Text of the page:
In the Crimea, the Reds and the Whites aren’t done fighting, and Jeanne discovers that the man she loves is a Bolshevik (when he kills her father). Penniless, she returns to Paris where she works for her uncle.
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When I speak of my love for silent cinema, this is the type of film I mean, not cheap slapstick. Emotionally and historically complex, and fabulous visually. Contemporary cinema (talkies) in no way surpasses this silent gem, directed by the great Georg Wilhelm Pabst. Shot on location in 1920's Paris.
DCP. Despite the remarkable work of image restoring, the attached soundtrack is horrendous and imposing, seriously disturbing the film's viewing. Another masterpiece of Pabst's silent period, this time synthesizing the three major trends of the time in German cinema - kammerspiel, expressionism and realism - in the same film, exponentiating them as hallucinated visions of each one.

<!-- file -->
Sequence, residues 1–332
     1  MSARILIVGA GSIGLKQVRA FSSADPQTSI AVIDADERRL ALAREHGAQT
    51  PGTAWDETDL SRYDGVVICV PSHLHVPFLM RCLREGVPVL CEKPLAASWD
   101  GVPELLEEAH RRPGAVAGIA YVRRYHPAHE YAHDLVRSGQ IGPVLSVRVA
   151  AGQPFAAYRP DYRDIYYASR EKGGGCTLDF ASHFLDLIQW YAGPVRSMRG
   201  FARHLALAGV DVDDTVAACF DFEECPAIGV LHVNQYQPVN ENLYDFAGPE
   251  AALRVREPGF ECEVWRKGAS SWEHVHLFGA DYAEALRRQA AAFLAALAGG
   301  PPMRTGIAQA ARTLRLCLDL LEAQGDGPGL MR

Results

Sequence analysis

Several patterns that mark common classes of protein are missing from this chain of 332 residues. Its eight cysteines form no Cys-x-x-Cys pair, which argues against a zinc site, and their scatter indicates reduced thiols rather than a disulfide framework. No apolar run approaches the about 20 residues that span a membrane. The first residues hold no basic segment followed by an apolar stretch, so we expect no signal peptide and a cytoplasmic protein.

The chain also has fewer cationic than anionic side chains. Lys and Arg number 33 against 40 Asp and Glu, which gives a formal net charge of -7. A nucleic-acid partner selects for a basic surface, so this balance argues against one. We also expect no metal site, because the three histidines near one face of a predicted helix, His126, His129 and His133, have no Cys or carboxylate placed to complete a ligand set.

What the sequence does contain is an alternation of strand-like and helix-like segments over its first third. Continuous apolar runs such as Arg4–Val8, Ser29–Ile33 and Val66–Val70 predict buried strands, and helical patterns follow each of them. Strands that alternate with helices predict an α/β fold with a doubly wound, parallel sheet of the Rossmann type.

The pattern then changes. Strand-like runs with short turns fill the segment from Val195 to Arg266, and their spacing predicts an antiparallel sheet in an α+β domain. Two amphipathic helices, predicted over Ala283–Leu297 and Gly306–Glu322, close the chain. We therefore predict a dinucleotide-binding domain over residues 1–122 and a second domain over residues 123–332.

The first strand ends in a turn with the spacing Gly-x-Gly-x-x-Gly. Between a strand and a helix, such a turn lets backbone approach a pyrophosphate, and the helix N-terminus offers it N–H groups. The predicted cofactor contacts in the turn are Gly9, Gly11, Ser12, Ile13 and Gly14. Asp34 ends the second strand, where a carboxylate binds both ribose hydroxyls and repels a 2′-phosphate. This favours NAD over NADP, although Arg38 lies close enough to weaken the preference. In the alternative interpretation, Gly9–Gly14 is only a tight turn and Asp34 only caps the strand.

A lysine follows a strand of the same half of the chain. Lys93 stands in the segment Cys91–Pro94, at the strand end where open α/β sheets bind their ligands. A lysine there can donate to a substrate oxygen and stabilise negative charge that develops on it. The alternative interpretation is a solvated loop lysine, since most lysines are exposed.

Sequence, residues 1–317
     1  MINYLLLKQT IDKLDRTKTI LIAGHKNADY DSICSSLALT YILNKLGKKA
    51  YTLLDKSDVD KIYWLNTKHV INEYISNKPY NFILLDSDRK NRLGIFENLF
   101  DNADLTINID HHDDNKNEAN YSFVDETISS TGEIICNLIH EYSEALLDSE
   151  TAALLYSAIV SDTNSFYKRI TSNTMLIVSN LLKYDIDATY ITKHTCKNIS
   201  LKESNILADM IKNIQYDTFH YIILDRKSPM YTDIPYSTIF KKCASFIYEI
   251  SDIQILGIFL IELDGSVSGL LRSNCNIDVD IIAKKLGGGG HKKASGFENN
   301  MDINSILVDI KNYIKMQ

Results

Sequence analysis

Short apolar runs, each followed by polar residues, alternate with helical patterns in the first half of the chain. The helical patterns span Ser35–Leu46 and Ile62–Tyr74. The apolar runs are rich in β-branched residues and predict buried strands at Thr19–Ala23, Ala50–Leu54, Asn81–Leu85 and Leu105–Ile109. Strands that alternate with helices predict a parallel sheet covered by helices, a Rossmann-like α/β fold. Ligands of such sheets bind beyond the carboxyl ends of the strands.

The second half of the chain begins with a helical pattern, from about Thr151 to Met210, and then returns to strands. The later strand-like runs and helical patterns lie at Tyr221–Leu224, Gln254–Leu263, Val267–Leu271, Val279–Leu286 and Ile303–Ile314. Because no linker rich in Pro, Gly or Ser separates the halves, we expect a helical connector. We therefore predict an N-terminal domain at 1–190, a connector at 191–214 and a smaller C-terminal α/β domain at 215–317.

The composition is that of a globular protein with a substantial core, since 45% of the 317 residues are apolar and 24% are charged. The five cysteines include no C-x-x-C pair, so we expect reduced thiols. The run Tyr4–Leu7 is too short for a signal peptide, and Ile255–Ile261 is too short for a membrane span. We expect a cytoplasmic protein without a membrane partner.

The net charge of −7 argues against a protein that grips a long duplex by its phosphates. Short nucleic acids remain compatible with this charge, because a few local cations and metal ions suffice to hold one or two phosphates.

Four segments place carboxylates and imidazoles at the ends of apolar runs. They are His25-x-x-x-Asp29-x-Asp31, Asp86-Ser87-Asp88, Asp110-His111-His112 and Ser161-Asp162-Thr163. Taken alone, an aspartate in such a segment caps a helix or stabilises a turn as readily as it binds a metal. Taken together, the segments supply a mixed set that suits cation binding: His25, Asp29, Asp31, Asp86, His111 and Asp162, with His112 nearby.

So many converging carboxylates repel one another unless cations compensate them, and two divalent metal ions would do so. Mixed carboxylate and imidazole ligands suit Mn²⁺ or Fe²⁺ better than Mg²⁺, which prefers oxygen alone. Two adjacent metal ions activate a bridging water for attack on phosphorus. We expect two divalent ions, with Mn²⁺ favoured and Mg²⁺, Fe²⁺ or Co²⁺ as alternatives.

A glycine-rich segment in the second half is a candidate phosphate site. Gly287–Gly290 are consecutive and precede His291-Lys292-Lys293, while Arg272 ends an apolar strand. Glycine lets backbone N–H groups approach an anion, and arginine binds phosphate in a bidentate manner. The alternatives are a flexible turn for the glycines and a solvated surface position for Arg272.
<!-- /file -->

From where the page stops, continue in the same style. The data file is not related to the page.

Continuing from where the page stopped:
The opening Russian Revolution sequence is some of the best stuff I've ever seen in the pictures. Once the film moves to France it settles down and never reaches those heights again. Still, an outstanding film.